Immigration Consequences of Drug Offenses
Michigan Criminal Defense Lawyers with experience successfully defending clients and helping them avoid potential immigration consequences of drug offenses and other criminal convictions.
Drug Crimes have Severe and Unforgiving Immigration Consequences
Aside from stiff prison sentences, federal and state drug offenses have some of the most severe and unforgiving immigration consequences, which can include deportation (sometimes mandatory), mandatory detention, ineligibility to get lawful residency, loss of asylum or ability to get asylum, and temporary or permanent bar to citizenship. Under the federal immigration statute, the Immigration and Nationality Act, creates two categories of offenses that make a person either deportable, inadmissible, or both.
Highly experienced criminal defense attorneys give their clients the best chances of avoiding these consequences or, at least, give their clients a fighting chance. Lawful permanent residents (LPR) are primarily concerned about preventing deportation and avoiding negative contact with U.S. Immigration and Customs Enforcement (ICE).
Deportability for a Controlled Substance Conviction
Generally, deportability based upon a drug conviction requires a non-citizen who, after admission, is convicted of a controlled substance offense that is not a single offense of possession of personal use of 30 grams or less of marijuana. A controlled substance is a drug or other substance, or immediate precursor, included in schedule I, II, III, IV, or V of the federal Controlled Substances Act.
The following are deportable controlled substance offenses:
- Possession of a Controlled Substance
- Marijuana Possession (subject to the 30 g. personal use exception)
Note: LPR may still be inadmissible when returning from a trip abroad
- Possession of Narcotic Paraphernalia (subject to the 30 g. personal use exception)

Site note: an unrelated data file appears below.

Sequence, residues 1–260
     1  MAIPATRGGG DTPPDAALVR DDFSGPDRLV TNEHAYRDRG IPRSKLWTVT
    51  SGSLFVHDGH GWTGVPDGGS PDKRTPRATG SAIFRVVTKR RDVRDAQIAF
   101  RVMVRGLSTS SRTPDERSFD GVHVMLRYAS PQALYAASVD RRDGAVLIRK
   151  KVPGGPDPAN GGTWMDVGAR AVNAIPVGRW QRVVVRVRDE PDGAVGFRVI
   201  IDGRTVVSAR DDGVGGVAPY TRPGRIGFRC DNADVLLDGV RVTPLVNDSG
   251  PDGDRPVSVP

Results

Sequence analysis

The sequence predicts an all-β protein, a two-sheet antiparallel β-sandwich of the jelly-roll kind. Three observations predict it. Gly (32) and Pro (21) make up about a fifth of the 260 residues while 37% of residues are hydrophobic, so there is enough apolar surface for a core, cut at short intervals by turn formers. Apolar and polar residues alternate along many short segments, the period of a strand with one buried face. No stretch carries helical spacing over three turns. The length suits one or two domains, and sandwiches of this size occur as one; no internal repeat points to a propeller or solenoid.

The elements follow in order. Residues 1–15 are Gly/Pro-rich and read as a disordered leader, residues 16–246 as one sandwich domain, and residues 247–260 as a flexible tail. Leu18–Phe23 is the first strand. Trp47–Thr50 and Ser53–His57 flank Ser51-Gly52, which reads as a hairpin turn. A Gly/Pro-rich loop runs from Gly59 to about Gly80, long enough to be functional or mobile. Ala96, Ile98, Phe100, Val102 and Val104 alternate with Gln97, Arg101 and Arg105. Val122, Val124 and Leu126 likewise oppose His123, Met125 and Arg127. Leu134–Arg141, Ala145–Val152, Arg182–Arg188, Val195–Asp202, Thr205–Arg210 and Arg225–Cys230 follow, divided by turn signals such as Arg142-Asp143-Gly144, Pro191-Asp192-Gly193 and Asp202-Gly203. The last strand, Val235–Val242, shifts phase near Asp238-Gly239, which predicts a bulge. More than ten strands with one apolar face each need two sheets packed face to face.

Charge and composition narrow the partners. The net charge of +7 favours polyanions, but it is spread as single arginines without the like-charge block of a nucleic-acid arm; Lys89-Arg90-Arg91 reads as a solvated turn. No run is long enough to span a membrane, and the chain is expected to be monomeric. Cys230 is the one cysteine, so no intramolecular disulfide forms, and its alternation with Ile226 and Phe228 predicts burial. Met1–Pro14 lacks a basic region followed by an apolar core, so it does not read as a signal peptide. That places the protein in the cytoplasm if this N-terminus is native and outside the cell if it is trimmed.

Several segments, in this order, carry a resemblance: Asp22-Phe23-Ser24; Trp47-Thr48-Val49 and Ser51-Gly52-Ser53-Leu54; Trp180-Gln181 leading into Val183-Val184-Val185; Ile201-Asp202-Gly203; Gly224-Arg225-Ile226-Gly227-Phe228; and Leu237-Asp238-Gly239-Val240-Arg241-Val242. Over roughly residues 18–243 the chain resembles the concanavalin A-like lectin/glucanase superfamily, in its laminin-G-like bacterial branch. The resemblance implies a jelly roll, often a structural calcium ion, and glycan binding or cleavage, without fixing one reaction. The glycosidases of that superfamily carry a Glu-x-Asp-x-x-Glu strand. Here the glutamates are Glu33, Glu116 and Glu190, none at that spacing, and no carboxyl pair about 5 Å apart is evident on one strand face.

- Gratuitous Distribution of a Small Amount of Marijuana
The following are mandatory deportation controlled substance offenses:
- Drug Trafficking Crimes
- Federal Felony Drug Crime
- State Drug Convicting that Federal Law Punishes as a Felony
- Possession with Intent to Sell or Deliver a Controlled Substance
- Sale or Distribution of a Controlled Substance
- Manufacture of a Controlled Substance
- Distribution of a Controlled Substance
Defenses to Drug Deportability
A Michigan criminal defense lawyer’s job is to attempt to help a client avoid a conviction and the immigration consequences of a drug offense. There are a multitude of possible defenses, but some of them are as follows:
- Avoid the conviction!
- Specify a substance not defined as a controlled substance under federal law.
- Specify marijuana under 30 grams.
- If a controlled substance offense is unavoidable, the defense lawyer must attempt to avoid having the conviction be an “aggravated felony,” so deportation is not mandatory.
Padilla v. Kentucky
In the seminal case of Padilla v. Kentucky, the United States Supreme Court held that a defense lawyer has a duty to advise their client of immigration-related collateral consequences of a conviction, including the possibility of deportation and inadmissibility. If an attorney fails to advise their client of advice regarding critically important immigration consequences, they’ve provided ineffective assistance of counsel.
Immigration Consequences for a Lawful Permanent Resident
Lawful permanent residents, also known as “green card” holders, are non-citizens who can lawfully live permanently within the United States. The immigration status of a lawful permanent resident is not the same as a United States citizen. While lawful permanent residents have strong protections, they can lose their legal status upon a criminal conviction. “Permanent” does not mean “permanent” in immigration law and immigration consequences are still possible. Lawful permanent residents enjoy strong protections; however, a criminal conviction can trigger a change in status. Examples of crimes that can make a green card holder deportable (grounds for removability) include: